Turning now to work that applies the federation concept to physical WSN testbeds,a Ohio State University17 combined the infrastructure and software of the Kansei testbed with the GENI facility to provide a unified solution; the Senslab project30 aimed to unify four discrete heterogeneous testbeds into a single testbed of 1,000 nodes; and Cooperating Objects Network Of Excellence (CONET)6 employed a REST API to provide uniform Web-based access to different testbeds. These efforts highlight the promise of testbed federation in pursuit of scalability, but none support integration of simulated and emulated elements or deliver the transparency of federation offered by our VTB abstraction.

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VTB Abstraction

VTBs provide the abstraction of a user-designed private WSN testbed in which some testbed elements are physical, some are simulated, and others are emulated. Users design their VTB in such a way that its mix of physicality, simulation, and emulation is appropriate to their goals. They then instantiate their VTB, deploy their software onto it, and observe the outputs and behavior of their experimental systems as if they were running on a dedicated physical testbed.

VTB elements can include:

Sensor modality. Examples are temperature sensors and pollutant sensors;

Sensor data. What the sensors observe (such as the current temperature and pollutant levels);

Nodes. CPU+memory+radio devices to which sensor modalities are attached;

Node power. Power-supply characteristics (such as battery or solar) and remaining energy of nodes;

Node connectivity. Nodes in broadcast range of each node and the volatility of their relationships; and

Node mobility. The movement patterns nodes are subjected to if, for example, they are mounted on public-transport vehicles.

Users augment VTB physical nodes by attaching emulated sensor modalities not supported by hardware. Alternatively, they can foster experiment repeatability by feeding emulated (scripted) sensor data to their nodes (physical, simulated, or emulated). They can also increase the scale of their VTB by selecting physical nodes from different sites in the underlying federation, combining simulated nodes with a core set of physical nodes, and even multiplexing multiple emulated nodes onto a single physical node. They can also employ emulated node power to facilitate repeatable battery-life investigations.

The emulation of node connectivity is the biggest single source of VTB flexibility, realized through virtual links offering emulated real-time connectivity between pairs of nodes according to the characteristics of different types of radio hardware. Using virtual links, testbed users are able to explore different connectivity patterns atop a set of physical nodes with fixed physical connectivity. For example, they might add emulated connectivity between pairs of nodes with no physical connectivity, including across sites and between any combination of physical, emulated, and simulated nodes. They can also remove unwanted physical connectivity to, say, build an emulated ring topology on top of an underlying physical mesh. Taking this to extremes, they can even emulate node mobility (of physical, simulated, and emulated nodes) by dynamically changing the emulated connectivity between nodes according to a time-based script.3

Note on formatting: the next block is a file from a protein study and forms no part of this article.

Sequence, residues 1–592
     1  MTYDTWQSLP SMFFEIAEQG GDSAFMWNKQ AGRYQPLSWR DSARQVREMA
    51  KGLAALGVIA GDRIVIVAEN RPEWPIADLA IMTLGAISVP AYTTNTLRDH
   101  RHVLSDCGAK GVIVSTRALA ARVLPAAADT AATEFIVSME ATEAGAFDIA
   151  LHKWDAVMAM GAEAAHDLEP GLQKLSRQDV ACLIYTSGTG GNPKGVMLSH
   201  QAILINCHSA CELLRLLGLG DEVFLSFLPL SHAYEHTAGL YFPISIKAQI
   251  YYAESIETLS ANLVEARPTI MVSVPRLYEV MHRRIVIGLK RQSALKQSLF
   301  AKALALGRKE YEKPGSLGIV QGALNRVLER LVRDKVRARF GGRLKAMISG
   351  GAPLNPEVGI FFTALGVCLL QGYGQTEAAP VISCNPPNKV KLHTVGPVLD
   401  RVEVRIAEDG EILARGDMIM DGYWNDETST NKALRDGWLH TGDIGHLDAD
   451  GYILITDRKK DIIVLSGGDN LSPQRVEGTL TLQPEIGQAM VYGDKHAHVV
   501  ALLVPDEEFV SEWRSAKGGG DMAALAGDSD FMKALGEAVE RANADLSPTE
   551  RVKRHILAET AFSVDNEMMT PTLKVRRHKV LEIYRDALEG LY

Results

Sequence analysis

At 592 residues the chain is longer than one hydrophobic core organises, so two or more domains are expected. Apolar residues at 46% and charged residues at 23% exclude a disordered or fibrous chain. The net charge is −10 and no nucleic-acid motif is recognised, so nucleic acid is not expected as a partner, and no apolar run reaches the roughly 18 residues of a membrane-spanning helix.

From the user's point of view, a VTB would appear as an instance of a Web services interface called iWSN supporting a comprehensive set of testbed-related operations, including loading experimental code and collecting results. Users typically employ a GUI-based front-end to mediate access to their VTB rather than interact with their iWSN instance directly.

The user's view of the entire VTB-based WSN experimentation process is captured in a series of (potentially iterated) steps (see Figure 2):

Experimental software development. Users employ our software development kit (SDK, to develop and synthesize software that can be deployed in a VTB;

VTB specification. They specify a custom VTB that meets the requirements of their experiment in terms of its physical, simulated, and emulated elements;

VTB reservation. They contact our reservation system to request their custom-specified VTB be instantiated at a particular time for a particular duration. The reservation system reserves a set of underlying resources able to support the VTB and returns a "reservation key" that uniquely identifies the reservation and serves as a promise that a VTB (as specified) will be made available at the requested time;